Qingyan Chen

Fight the Virus: Design a New Ventilation System

March 19, 2020
Suppression and mitigation are not enough to ward off airborne pathogens. Add a new ventilation system design to the arsenal.

When it comes to warding off COVID-19, suppression and mitigation are the two key health measures based on epidemiological modelling.

These two strategic non-pharmaceutical interventions—championed by policymakers and health authorities to reduce contact rates in the population, and thereby reduce transmission of the virus—distinctly include a recommendation to avoid discretionary travel to protect against the spread of airborne pathogens.

According to Qingyan Chen, a Purdue University air quality expert, air conditioning systems in small spaces are not designed to filter out particles as small as the coronavirus. The way air moves through the air conditioning system in airplane cabins could transfer to other passengers sitting in the same row as an infected passenger, or even those sitting in a neighboring row. “The further away you’re sitting from a person who is infected, the better,” said Chen.

The same holds true for cruise ships. Chen, who is Purdue’s James G. Dwyer Professor of Mechanical Engineering, said it remains standard practice for the air conditioning systems of cruise ships to mix outside air with inside air to save energy. “The problem is that these systems can’t filter out particles smaller than 5,000 nanometers,” he explained. “If the coronavirus is about the same size as SARS, which is 120 nanometers in diameter, then the air conditioning system would be carrying the virus to every cabin. Cruise ships could minimize this problem by just using outside air and not recirculating it.”

The underlying problem with current transit ventilation systems is that we don’t know who is infected and where the individual may be located on the mode of transport. That is why it would be advantageous to change the design of ventilation systems in buses, trains, airplanes and cruise ships over the long haul, said Chen, whose lab is currently developing a ventilation system that would prevent the spread of pathogens by allowing passengers to breathe in only their own air.

Chen’s research encompasses the spread of air particles in passenger vehicles and how to track it. His work includes using mathematical models and sensors to locate passengers releasing hazardous materials or pathogens inside airline cabins.

In a recent model, Chen proposed a ventilation system that would maintain thermal comfort and reduce airborne contaminant transport in airliner cabins by having individual diffusers installed on the floor under the seats. The design would present minimal obstruction to passenger legroom, and the units would supply clean air directly to passengers in the row behind. Air would be extracted at the ceiling level.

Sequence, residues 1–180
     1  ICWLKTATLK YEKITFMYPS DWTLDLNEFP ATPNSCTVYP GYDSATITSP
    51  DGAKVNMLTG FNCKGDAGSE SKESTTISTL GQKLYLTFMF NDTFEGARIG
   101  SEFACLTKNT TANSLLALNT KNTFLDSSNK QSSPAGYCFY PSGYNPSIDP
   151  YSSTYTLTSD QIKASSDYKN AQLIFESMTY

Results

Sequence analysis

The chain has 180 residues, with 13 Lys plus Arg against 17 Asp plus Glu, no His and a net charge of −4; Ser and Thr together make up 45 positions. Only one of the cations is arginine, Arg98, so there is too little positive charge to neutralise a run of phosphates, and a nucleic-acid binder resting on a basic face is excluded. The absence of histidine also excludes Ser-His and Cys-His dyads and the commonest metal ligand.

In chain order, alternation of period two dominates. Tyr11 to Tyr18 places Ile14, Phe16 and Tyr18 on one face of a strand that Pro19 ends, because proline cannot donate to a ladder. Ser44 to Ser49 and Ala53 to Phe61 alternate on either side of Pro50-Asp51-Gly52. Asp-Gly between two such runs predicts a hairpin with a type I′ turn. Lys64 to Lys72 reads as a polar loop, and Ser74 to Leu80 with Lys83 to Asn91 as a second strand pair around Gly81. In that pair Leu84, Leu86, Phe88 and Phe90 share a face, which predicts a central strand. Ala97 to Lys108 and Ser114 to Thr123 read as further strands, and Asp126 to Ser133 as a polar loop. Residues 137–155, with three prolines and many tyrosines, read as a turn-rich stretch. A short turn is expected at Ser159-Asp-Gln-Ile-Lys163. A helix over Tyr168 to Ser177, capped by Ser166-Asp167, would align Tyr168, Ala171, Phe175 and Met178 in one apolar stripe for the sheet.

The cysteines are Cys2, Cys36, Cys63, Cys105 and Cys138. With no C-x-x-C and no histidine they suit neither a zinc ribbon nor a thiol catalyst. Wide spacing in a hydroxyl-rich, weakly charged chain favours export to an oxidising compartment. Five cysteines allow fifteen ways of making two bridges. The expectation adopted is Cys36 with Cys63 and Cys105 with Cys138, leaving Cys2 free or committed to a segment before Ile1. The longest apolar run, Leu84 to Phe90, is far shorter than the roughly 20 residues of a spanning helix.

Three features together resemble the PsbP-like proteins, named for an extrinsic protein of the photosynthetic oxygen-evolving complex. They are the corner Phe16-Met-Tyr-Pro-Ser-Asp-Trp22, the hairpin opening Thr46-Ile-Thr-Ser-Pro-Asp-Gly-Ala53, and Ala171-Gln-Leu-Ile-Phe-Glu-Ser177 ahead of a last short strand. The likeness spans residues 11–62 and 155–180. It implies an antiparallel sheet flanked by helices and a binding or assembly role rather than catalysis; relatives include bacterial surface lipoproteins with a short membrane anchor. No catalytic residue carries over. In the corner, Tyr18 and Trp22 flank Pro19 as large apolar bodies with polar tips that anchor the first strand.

As passengers generate heat, Chen explained, the air around them produce thermal plumes, which then travel upward and carry exhaled contaminants from the passengers to the exhausts. The system combines the advantages of under-floor air distribution and displacement ventilation, directing the older air away without mixing with the supply of fresh air.

Chen has investigated the impact of gaspers on cabin air quality in a seven-row section of the fully-occupied, economy-class cabin of Boeing 767 and 737 airplanes. He found that in current ventilation models, it is not clear whether gaspers in the cabins actually improve the air quality. According to the research, the distribution of opened gaspers can influence the infection risk for passengers. The study also reported that even though the gasper supplies clean air, it is possible for it to have a negative impact on the passengers’ health. “Statistically speaking, the overall effect of turning on the gaspers meant infection risk for the general population was neutral.”

Chen also flagged research at the National Institutes of Health, Centers for Disease Control and Prevention, UCLA and Princeton University, which found that COVID-19 was detectable in aerosols for up to three hours. “Through typical ventilation systems the air is replaced every 10 to 12 minutes,” he said. “In the airplane, the air will be replaced every two or three minutes. So, if the virus could stay airborne for three hours, it means that it could come into a room 15 times before it dies. And that's very dangerous. One thing we could do is change the filter to a HEPA filter. 

“A high-efficiency particulate air filter will filter out the particles 0.3 microns in diameter, are larger, and [have] an efficiency of 99% or higher,” Chen continued. He further advocated for having a HEPA filter incorporated into the design of a personal HEPA filter at every airline seat.

Chen cautioned that his new model is not impenetrable: “Viruses are not like solids. It is fluid and you still have some mixing of air with your neighbor. But we try to minimize the mixing. So it’s much better, but not bulletproof.”

He said his lab’s research is supported by Boeing and is under consideration for design. “However, change is slow because you must make sure you don’t bring any negative impact to other components of the plane,” he noted. “It will take a couple of years to implement it.” 

Chen’s past research includes models for showing how the H1N1-A flu and other pathogens travel through aircraft cabins.

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